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OBT THE MANUFACTURE OF TOBACCO,
PLUGS FOR CHEWING AND SMOKING.
In no other line of manufacture is there so much to be gained by the proper selection and judicious use of the material, as in the manufacture of plug tobacco. How to combine the different qualities of tobacco, with what sauces to treat them, how to fashion the plugs or twists, and what markets are to be accommodated, require the most intelligent thought and the most skillful management. The tobacco leaf is exceedingly variable in its component elements. Its secrets are the secrets of chemistry and bacteriology. It presents endless problems and constant study for their solution. The manipulation differs with each variety or grade, and no two types or grades of tobacco will produce precisely the same results under the same treatment. The taste and flavor of the product must be agreeable to the consumer, and the tastes of consumers vary. What will suit one class of consumers would probably be very distasteful to another class. The man of sedentary habits prefers a mild, sweet tobacco, with a small content of nicotine. On the other hand, the field laborer, the sailor, the fisherman or the man living an outdoor life, is best pleased with strong tobacco. The habits, as well as the tastes, of men must therefore be considered by the successful manufacturer.
The manufacture of tobacco has been going on for centuries, and from the simple operation of taking out the midrib and putting it up into twists, the industry now employs the most skilled labor and the most complete mechanical appliances for treating it with sauces, drying it by artificial heat, reordering it by steam, weighing, putting on the wrapper, and compressing into plugs in various forms and sizes.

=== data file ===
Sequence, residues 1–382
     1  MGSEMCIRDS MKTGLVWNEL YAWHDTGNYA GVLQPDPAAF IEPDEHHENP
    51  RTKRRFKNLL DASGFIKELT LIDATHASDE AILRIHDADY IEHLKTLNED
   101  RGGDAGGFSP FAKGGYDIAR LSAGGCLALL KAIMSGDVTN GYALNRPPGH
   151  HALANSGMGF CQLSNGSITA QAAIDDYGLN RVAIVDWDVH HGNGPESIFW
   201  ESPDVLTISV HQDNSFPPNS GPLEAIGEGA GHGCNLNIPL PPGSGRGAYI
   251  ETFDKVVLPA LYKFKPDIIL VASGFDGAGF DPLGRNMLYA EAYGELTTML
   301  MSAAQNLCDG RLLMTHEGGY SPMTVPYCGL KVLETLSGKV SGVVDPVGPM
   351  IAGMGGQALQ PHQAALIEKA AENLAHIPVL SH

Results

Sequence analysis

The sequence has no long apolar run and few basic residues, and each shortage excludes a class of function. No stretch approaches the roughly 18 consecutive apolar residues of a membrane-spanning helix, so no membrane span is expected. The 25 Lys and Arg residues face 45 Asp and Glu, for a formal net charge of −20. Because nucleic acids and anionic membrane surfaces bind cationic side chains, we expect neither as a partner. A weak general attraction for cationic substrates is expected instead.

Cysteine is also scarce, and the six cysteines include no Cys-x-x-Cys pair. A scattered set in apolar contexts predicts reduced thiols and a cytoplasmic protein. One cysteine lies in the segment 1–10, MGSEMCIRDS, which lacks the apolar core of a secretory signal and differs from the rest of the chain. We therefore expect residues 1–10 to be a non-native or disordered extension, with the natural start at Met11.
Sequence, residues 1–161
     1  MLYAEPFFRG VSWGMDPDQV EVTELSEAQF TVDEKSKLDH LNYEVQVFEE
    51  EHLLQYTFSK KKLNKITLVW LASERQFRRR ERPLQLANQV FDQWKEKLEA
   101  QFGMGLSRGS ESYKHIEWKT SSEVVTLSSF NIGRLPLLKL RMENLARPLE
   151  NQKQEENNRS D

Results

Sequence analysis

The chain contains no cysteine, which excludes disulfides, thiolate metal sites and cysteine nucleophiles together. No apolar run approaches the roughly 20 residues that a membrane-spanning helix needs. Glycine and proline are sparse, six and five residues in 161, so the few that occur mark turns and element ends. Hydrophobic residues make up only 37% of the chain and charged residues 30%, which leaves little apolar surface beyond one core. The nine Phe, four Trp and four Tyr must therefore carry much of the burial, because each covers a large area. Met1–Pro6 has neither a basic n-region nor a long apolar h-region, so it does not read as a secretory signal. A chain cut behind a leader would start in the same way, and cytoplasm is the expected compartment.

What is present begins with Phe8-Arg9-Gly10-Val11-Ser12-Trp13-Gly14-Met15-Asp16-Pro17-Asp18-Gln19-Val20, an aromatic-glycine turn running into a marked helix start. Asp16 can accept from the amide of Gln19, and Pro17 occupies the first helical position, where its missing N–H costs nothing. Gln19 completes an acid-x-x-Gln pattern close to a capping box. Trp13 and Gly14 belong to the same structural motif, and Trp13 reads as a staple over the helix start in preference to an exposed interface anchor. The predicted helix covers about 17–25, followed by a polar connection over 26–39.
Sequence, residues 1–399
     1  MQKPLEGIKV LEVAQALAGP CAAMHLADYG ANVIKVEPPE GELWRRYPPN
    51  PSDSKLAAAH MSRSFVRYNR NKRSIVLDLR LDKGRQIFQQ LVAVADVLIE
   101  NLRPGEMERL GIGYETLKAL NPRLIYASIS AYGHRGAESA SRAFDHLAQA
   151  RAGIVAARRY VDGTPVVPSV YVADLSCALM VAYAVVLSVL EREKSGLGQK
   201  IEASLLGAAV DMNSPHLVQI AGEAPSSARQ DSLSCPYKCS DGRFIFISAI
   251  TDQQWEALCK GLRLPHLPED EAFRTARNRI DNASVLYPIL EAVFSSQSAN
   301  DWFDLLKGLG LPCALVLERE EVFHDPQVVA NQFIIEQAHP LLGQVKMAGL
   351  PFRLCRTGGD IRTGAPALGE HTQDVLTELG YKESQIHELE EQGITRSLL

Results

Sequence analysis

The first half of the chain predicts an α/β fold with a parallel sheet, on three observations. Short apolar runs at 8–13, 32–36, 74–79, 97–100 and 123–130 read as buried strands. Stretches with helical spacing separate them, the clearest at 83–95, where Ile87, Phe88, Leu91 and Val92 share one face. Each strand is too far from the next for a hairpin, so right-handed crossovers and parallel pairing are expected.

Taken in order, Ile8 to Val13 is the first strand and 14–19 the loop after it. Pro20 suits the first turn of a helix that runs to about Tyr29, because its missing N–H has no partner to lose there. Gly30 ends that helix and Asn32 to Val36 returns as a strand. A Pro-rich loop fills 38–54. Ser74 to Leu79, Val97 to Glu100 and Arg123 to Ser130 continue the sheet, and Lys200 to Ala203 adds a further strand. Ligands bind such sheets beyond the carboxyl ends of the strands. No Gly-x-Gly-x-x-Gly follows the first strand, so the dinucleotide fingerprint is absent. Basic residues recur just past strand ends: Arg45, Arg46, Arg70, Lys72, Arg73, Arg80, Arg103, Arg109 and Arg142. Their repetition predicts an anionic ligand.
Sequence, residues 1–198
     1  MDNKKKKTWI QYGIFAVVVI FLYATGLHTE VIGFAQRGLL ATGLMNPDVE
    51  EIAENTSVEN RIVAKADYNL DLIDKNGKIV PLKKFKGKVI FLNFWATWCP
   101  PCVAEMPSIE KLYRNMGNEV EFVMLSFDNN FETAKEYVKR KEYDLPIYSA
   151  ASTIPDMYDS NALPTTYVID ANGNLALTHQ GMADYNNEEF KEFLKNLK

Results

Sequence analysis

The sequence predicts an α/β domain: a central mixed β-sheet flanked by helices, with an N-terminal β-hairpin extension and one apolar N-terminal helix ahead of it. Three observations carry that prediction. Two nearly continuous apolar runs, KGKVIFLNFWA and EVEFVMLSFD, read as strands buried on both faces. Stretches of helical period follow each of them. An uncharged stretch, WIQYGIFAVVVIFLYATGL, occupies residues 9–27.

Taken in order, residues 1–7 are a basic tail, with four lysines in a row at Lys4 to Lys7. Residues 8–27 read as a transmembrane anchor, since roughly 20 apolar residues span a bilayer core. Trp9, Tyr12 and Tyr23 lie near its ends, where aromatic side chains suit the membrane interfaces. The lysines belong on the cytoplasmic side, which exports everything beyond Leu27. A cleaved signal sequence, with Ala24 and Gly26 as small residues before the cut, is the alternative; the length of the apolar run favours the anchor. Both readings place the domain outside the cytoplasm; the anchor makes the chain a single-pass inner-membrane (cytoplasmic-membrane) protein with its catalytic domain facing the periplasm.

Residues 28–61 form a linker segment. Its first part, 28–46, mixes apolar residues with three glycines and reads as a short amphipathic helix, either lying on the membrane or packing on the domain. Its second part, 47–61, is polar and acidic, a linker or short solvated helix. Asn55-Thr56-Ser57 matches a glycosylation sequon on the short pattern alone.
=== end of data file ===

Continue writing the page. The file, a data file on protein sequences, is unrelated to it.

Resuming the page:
The Burley of Kentucky and Ohio, and the sun, air and flue cured tobacco of Virginia and the Carolinas, constitute the fillers for the greatest part of the plug tobacco of the United States. The wrappers also come from Virginia, the Carolinas and the White Burley districts. The Burley fillers are sometimes whitish, but generally of a cinnamon color, of a tough, waxy finish and silky fiber. These fillers have more body and gum than the cutting leaf from the same districts. The raw material is put up in casks, of an average weight of 1000 pounds for Burley fillers, and 750 pounds for Virginia and Carolina wrappers. The tobacco is packed in uniform layers, and but slightly compressed, so the leaves may open freely.
In a properly constructed tobacco factory, the first work begins in the upper story, to which the hogsheads are elevated. The work begins in the leaf department. The casks are taken off, so as to expose the tobacco. It is taken up, bundle by bundle, and shaken. The inferior tobacco is thrown in one pile, and the better qualities assorted and put in other piles. Water is sprinkled over each layer of bundles as they are put in the piles, and the tobacco remains in this condition for twentyfour hours, so that the moisture may become evenly distributed. Women mainly, and sometimes men, are employed (see Fig. 130) in untying the bundles, and picking, leaf by leaf, assorting and separating them into the different qualities suitable for the various brands to be